There’s a lot that needs changing about endometriosis diagnosis, care, treatments and support across the UK. Successful petitions can be used to help draw the attention of politicians, the media and the public to issues faced by those with endometriosis and seek change. Two examples of successful petitions are:
- Endometriosis UK set up a change.org petition asking the Schools Minister for England to include menstrual wellbeing in the English national curriculum, which was being reviewed at the time. The petition was signed by over 100,000 people, and demonstrating this strength of feeling allowed us to arrange two meetings with the Minister who then agreed to include menstrual wellbeing in the English new national curriculum.
- Someone with endometriosis set up a UK parliament petition on endometriosis and PCOS research. Over 100,000 people signed the petition asking for more research funding for endometriosis and PCOS, which led to a debate in the UK parliament.
What to think about when setting up a petition
If you are thinking of setting up a petition, here are a few things to think about in order to develop a petition that is successful in gaining support:
- Do your research – make sure that you are not asking for something that has already been agreed.
- Explain the problem clearly and succinctly including why change is needed. To check you’ve done this, you could ask someone unfamiliar with the topic to read your petition text to see if they understand.
- If it is relevant and you feel comfortable doing so, share your personal experience of the problem.
- Have clear, well-defined and realistic asks, e.g. “Ensure GP training includes education on menstrual health and wellbeing including endometriosis” rather than “All GPs should know about endometriosis”
- Aim your petition at the right decision makers – which UK government/department/minister, which public body/regulator is responsible?
- Check what you have written to make sure it is accurate. You might want to include some references, for example to government policies or statements and published research.
Endometriosis UK often gets asked to promote petitions. We will consider each request on a case-by-case basis, and are not able to help with all. If you’re thinking of developing a petition you would like to us to promote it, we recommend that you get in touch before you submit it, as once it’s online it unlikely you’ll be able to make even minor alterations to the text. We can discuss the wording and advise (if relevant) the appropriate Decision Maker to target for the petition request. We are not able to support petitions that contain inaccurate or ambiguous information about endometriosis or treatments that are not evidenced based.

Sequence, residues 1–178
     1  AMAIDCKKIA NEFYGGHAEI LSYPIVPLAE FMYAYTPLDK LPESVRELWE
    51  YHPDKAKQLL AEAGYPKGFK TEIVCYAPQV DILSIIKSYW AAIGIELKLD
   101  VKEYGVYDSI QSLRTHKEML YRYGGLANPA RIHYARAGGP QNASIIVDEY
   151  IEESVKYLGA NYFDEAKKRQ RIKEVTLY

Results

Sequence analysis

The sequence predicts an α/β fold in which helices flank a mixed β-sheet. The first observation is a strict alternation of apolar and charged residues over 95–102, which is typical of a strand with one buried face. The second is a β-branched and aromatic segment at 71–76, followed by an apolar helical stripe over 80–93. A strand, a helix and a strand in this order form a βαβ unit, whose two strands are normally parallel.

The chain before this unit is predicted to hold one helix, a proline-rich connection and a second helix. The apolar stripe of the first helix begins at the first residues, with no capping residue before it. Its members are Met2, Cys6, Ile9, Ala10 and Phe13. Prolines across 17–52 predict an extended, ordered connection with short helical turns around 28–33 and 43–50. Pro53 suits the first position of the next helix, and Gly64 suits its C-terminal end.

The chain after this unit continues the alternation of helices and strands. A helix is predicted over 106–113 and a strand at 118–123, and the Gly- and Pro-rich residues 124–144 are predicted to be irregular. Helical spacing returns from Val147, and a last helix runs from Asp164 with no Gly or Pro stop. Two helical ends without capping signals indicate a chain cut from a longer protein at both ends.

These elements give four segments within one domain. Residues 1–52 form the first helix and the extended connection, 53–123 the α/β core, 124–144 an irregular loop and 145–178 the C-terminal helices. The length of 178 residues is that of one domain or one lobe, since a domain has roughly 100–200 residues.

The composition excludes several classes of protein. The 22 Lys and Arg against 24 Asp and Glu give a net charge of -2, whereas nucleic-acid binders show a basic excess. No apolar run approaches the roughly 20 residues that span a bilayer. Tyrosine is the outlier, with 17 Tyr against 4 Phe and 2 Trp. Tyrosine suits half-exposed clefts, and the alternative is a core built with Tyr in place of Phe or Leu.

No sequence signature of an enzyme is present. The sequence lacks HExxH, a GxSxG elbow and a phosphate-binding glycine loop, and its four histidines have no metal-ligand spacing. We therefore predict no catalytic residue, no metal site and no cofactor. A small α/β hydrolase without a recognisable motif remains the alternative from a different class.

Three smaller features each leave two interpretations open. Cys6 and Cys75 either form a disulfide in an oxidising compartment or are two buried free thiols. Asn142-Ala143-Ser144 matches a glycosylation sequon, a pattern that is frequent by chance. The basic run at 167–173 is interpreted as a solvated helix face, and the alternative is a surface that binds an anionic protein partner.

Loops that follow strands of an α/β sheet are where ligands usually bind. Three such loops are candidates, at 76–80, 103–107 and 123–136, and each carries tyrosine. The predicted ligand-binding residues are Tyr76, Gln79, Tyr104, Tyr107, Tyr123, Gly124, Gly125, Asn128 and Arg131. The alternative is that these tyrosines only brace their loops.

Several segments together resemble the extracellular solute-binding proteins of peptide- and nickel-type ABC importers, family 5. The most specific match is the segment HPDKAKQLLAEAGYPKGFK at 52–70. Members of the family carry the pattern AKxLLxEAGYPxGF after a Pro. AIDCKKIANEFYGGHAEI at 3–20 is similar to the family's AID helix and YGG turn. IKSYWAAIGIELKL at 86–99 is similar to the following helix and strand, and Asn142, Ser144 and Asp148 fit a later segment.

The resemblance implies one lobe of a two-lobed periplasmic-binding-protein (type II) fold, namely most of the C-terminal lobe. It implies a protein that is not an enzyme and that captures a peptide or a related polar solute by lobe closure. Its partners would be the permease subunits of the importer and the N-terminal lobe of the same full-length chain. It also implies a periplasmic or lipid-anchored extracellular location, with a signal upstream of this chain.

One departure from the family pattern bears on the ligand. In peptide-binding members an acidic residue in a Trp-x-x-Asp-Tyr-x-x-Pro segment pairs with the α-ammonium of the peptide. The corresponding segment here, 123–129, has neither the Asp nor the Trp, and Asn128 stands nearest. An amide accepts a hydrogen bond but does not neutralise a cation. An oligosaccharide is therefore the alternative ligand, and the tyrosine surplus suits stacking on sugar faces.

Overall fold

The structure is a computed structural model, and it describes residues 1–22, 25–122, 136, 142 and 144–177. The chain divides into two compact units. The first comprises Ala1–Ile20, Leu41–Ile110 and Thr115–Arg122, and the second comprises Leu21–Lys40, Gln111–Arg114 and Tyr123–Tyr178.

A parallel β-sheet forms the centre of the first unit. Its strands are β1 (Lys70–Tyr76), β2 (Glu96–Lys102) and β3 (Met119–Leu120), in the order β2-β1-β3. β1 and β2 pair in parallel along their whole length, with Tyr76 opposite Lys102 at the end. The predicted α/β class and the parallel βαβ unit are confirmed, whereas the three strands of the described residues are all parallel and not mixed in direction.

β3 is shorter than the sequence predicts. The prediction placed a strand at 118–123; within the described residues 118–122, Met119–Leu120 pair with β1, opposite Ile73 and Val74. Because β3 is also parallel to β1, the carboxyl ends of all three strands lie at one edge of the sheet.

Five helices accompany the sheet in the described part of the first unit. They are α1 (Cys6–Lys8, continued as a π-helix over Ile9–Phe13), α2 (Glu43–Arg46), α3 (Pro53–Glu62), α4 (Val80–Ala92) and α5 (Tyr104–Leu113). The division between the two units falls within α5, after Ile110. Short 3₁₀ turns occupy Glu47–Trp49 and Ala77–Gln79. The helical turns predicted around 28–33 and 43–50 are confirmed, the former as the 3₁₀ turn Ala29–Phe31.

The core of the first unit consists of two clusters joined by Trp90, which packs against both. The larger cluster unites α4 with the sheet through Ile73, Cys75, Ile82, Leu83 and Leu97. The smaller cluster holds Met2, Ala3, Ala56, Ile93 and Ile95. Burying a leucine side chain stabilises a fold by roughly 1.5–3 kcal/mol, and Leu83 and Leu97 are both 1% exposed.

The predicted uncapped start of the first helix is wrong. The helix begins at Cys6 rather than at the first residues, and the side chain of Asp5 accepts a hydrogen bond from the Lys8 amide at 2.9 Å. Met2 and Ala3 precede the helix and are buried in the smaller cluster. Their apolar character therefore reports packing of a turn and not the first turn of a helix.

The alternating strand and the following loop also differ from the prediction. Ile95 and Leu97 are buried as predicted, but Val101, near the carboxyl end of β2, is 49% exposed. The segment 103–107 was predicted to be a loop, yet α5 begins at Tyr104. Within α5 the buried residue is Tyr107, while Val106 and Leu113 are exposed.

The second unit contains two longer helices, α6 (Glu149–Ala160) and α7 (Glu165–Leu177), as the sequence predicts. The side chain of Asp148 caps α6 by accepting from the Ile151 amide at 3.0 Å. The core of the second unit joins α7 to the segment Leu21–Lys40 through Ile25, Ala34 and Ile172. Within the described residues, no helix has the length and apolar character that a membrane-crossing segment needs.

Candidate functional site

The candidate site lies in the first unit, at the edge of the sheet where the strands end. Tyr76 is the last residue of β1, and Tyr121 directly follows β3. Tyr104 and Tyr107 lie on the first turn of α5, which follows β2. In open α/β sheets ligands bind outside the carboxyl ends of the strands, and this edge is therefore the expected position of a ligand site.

All UK parliaments allow petitions and have rules for setting them up:
- UK Parliament petitions – only British citizens and UK residents can sign, 5 people must support the initial petition, 10,000 signatures requires government response, 100,000 signatures requires government to consider holding parliamentary debate
- Scottish Parliament petitions – must be on devolved matter, petitioner must have already contacted at least 1 MSP or the Scottish Govt on the matter, petitions are considered by Citizen Participation and Petitions Committee, which then decides on action which can include referral to another committee, debate in the chamber, recommended actions for the Scottish Govt or closing the petition.
- Welsh Senedd (EN) & Senedd Cymru (CYM) – must be on devolved matters, can be submitted in English or Welsh and only people/organisations with an address in Wales can set up a petition. Petitions are considered by Petitions Committee (EN) Y Pwyllgor Deisebau (CYM) once they have 50 signatures and are considered for debate after 10,000 signatures. Petitions committee action can include referral to another committee, press Welsh government for action or undertaking an inquiry.
- Northern Ireland Assembly – must be on devolved matters, MLAs (Member of Legislative Assembly) can present public petitions to the Business Committee for consideration. The Speaker can then arrange for the petition to be sent to the relevant Minister, copied to the Chair of the relevant Committee for response.
In addition, there are other petition platforms, the most commonly used being:
- Change.org – independent petition platform which allows petitions on a wide range of topics. Change encourages you to identify the decision makers you wish to influence and engage with them. Further guidance here. Change petitions do not automatically get debated in parliament(s) if a certain number of signatories is reached.